Same reason. However saw this on WebMD:
"Q: For now, the flu vaccine and COVID-19 vaccine are single products. If you get them separately, is it better to put some time between the two?
Pavia: We don't know. There are studies that probably won't be out in time to decide in September. They are looking at whether you get an equivalent immune response if you give them together or apart.
For now, I would say the advantage of getting them together is if you do get side effects, you'll only get them once ― one day to suffer through them. Also, it's one trip to the doctor."
Confusing stuff. But glad I'm partly there.
eligible. If the flu shot slows me up a little, no big deal. I'm at about zero risk with my level of lockdown.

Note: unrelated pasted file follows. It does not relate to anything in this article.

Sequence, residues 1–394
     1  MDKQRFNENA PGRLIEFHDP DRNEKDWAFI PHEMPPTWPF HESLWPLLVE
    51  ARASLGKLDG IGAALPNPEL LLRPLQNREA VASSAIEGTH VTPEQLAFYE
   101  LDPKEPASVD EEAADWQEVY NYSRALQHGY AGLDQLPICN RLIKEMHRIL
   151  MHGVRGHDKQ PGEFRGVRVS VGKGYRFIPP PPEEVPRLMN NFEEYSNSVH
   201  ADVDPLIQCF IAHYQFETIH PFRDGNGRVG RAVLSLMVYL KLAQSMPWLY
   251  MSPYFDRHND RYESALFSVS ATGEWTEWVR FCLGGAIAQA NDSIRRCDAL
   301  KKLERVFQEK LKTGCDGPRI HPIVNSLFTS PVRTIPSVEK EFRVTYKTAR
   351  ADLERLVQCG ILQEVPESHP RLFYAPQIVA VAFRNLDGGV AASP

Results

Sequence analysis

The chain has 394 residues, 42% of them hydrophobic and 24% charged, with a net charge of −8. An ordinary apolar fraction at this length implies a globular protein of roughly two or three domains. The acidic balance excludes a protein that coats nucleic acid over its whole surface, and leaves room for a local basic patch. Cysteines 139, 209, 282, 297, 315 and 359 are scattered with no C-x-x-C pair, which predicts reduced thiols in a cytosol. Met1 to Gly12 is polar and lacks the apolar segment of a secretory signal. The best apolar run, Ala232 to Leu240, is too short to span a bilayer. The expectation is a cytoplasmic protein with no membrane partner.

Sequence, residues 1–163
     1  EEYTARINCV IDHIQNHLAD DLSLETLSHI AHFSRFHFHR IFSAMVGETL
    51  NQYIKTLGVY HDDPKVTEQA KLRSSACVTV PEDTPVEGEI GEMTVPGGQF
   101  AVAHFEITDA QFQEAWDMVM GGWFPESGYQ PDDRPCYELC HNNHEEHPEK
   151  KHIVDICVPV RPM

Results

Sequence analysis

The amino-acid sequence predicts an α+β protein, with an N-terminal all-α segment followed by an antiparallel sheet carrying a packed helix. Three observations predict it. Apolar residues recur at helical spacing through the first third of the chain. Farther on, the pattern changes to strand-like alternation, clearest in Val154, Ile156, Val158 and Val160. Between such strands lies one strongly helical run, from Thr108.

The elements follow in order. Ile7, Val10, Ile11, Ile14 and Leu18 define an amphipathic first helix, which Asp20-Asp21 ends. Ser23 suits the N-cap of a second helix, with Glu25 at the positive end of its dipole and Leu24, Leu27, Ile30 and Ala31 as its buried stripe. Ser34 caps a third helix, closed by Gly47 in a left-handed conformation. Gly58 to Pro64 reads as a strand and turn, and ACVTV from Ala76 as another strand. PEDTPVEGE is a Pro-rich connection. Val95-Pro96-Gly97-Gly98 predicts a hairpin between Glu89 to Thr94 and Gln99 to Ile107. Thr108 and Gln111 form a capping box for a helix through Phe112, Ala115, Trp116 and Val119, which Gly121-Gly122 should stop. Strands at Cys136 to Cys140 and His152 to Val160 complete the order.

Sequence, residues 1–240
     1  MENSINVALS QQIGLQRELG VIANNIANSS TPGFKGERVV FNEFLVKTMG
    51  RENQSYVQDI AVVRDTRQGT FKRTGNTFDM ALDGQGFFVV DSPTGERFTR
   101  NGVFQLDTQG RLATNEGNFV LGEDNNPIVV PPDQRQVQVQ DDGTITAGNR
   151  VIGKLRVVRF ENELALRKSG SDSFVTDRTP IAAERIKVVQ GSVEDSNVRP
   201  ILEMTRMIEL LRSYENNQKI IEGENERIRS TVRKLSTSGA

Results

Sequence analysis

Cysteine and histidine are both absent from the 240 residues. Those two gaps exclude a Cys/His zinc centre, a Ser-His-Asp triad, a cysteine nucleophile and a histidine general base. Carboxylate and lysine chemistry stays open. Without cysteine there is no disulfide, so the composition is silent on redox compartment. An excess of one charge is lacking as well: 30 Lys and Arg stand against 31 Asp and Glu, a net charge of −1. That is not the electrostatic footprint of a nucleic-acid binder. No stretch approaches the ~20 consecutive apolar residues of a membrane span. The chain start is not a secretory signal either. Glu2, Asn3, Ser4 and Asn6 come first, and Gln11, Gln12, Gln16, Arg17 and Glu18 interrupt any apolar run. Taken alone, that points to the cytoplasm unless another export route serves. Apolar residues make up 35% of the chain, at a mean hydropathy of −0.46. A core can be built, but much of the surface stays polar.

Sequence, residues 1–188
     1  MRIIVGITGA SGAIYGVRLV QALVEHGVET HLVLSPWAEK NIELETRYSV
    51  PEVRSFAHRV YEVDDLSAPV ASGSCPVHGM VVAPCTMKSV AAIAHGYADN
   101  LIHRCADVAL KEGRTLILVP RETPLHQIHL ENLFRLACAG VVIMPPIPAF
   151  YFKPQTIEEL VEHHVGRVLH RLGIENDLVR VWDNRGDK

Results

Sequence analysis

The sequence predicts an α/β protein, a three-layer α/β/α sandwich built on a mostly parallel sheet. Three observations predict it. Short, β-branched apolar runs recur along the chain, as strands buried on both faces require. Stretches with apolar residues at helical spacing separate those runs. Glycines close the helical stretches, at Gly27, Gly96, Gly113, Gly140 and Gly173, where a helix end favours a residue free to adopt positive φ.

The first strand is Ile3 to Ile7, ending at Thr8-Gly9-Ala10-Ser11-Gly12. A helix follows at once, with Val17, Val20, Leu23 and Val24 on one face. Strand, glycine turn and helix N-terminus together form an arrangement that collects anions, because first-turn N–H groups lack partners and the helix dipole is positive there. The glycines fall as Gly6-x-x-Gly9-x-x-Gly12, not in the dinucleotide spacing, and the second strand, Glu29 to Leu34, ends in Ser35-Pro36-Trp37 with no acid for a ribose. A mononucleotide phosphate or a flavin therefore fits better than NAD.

No line at Costco to get the shots, so we thought we'd beat the rush and get it out of the way today.
A lot of people dying of Covid are dying of "Covid pneumonia." And most who die of the flu actually die of pneumonia.
There are two separate vaccines, both desirable, but they can't be given at once. Last year I got the Pneumovax and was told I had to wait another year to get the other one.
There has already been flu cases here in Arizona.